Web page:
Mortgage process

Mortgage refinancing in its simplest form occurs when someone takes out a second mortgage on their home to pay off the first mortgage on that same home. Mortgage refinancing, if done at the right time, can be very beneficial due to savings realized from lower mortgage rates and reduced monthly payments. Mortgage refinancing, however, is not necessarily the right solution for all individuals and households. This is because there are several choices involved in the application process that can either negatively or positively affect your overall savings. Therefore, it is crucial that you understand the process to determine whether or not mortgage refinancing is the right choice for you.

Break-even point.
To find out whether or not mortgage refinancing will result in more profit than loss, you first need to calculate the break-even point on your new loan, using a mortgage calculator is the easiest and more effective method. The break-even point is the point in your mortgage repayment period at which you start realizing savings on your monthly loan payments. The break-even point helps determine whether or not mortgage refinancing is worth it for you. One important factor that needs to be taken into consideration is the length of time you plan to live in that particular house because it usually takes some time before savings on your refinanced loan start flowing in. The easiest way to calculate the break-even point on your new mortgage is to first compute the amount that your monthly payment decreases from your old loan to your new loan. Then you need to add up all the costs involved in the refinancing process, such as prepayment penalties and closing costs. Finally, you need to divide the total savings into the total costs to get the number of months that it will take to reach the break-even point in your refinanced loan.

Here’s a quick example:
Let’s say that refinancing your mortgage causes your monthly payment to reduce from $1,500 to $1,200 and the total costs associated with refinancing add up to $6,000. You simply divide the $6,000 in costs by the $300 in savings and the answer reveals that it will take 20 months for you to begin earning savings on your refinanced mortgage. Let’s say the family in this example is planning to live at that residence for approximately 5 years. In this case, it will make sense to refinance because they will start earning savings on their monthly payments after 1 year and 8 months, or 20 months, of living at that residence. However, if the family only plans to stay at that residence for 1 year, then mortgage refinancing is not that right choice for them because they will not realize any savings in the next year.

Annual percentage rate (APR)
Another key factor that needs to be examined when calculating mortgage refinance gains versus losses is the annual percentage rate, or APR interest rate, on the old mortgage compared to the APR on the new mortgage. Many people seem to think that you can get a lower monthly payment simply by refinancing to a loan with a lower interest rate. This belief is far from the truth due to the fact that there are other costs and fees involved in the refinancing process that need to be taken into consideration. APR is a better and more accurate basis of comparison to evaluate the difference between two separate mortgage loans. The APR on your refinanced mortgage takes into account other important expenses in addition to the base interest rate, such as whether you have a fixed or adjustable rate, the length of the loan period, discount points, and all other charges including, origination fees, application fees, appraisal fees, insurance costs, and so on. Using APR to compare your current mortgage to a refinanced mortgage helps accurately determine whether or not mortgage refinancing is the right choice for you.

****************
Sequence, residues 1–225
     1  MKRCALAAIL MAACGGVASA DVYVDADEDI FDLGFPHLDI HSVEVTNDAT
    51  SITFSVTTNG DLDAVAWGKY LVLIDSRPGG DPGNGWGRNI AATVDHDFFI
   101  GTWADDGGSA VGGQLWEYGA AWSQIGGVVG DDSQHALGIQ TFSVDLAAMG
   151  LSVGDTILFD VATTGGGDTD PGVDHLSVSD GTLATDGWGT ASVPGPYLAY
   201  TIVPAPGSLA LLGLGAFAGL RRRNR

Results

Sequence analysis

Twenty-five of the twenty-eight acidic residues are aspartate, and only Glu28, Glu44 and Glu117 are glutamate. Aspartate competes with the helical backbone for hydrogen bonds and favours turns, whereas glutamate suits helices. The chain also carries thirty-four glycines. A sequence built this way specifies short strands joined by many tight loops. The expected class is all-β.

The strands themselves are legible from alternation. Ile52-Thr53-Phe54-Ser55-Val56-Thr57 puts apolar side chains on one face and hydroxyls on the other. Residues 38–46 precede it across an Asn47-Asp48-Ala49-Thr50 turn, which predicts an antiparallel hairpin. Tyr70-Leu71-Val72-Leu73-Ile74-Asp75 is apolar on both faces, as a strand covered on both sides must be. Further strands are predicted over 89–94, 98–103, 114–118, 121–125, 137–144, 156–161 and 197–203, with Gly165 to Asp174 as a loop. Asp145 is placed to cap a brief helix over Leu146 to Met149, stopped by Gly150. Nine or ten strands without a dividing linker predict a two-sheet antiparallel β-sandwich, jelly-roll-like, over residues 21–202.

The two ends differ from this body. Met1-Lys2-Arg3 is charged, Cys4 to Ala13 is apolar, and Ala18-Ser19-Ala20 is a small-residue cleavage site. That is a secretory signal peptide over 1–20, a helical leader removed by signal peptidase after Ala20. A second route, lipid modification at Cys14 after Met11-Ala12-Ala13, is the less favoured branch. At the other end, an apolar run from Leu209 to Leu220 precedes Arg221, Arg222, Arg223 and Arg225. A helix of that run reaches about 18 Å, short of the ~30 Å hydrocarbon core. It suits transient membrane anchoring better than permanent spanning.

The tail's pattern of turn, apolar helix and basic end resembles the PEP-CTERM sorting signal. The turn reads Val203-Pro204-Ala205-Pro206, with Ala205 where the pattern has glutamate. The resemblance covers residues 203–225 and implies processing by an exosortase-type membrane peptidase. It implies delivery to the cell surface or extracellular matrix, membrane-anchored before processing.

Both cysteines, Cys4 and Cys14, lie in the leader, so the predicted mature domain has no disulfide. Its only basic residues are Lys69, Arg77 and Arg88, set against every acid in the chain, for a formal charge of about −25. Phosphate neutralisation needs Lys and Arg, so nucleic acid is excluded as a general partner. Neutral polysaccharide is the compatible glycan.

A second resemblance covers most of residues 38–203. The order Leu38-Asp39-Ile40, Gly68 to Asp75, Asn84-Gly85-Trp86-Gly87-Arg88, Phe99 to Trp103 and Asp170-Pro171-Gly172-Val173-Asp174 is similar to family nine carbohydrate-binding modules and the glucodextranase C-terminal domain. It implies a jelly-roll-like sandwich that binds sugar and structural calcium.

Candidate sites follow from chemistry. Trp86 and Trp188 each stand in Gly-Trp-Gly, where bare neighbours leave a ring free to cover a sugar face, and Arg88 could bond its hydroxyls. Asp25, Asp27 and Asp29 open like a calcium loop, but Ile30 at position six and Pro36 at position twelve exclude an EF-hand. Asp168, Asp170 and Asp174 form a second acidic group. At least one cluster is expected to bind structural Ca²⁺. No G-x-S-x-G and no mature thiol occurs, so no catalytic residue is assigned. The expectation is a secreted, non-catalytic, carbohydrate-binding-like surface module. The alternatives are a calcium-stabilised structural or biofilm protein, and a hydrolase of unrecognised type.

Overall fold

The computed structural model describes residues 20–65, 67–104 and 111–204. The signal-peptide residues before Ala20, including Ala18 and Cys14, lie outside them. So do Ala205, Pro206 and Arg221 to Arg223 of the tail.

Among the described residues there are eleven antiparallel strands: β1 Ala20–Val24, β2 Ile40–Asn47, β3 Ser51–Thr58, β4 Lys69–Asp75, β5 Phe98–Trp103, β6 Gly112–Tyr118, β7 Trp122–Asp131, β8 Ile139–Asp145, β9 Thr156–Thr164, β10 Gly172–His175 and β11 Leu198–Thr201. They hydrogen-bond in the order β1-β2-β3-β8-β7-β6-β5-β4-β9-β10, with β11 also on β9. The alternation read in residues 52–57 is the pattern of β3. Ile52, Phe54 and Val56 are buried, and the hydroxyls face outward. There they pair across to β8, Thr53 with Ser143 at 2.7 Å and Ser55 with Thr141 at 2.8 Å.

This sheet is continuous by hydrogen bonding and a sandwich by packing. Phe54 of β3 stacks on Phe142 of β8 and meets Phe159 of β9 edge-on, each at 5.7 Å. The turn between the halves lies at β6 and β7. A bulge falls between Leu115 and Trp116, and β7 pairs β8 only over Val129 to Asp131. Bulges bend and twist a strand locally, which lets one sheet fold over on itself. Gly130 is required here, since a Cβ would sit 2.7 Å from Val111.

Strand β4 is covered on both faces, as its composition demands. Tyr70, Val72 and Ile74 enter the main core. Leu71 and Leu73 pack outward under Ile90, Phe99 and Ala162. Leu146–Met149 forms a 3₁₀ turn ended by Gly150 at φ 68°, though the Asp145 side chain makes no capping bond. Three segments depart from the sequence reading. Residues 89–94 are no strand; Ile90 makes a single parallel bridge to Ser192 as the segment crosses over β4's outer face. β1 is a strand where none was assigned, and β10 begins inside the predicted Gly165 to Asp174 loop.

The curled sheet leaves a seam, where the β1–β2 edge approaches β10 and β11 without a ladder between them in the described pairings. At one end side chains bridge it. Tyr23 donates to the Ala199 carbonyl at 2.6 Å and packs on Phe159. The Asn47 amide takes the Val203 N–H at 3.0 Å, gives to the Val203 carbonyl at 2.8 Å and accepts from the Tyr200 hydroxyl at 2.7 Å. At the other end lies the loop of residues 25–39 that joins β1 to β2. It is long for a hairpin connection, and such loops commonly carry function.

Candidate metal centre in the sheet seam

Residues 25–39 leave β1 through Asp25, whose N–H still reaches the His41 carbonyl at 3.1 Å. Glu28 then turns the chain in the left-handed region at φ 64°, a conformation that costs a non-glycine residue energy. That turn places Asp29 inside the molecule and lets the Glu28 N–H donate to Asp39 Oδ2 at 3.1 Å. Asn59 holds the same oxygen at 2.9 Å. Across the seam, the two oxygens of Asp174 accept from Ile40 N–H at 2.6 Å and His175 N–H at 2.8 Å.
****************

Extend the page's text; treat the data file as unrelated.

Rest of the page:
Mortgage refinancing, if done at the right time, can result in a lower interest rate on your mortgage which consequently results in a lower monthly payment. As mentioned above, although you may get a lower interest rate on your refinanced loan, it doesn’t mean that you will instantly start realizing savings. The savings are sometimes lost in the costs associated with getting a new loan and paying off an old loan before the end of its term. The break-even point and annual percentage rate (APR) are two key factors that need to be used when evaluating whether or not mortgage refinancing is a suitable option for you. The break-even point helps determine if mortgage refinancing will provide you with savings based on how long you plan to stay at that particular house, and APR helps to compare the true costs associated with your old mortgage and new mortgage refinance loan. So by now you should have a good idea whether or not mortgage refinancing will be a beneficial step for you take in terms of lowered costs.

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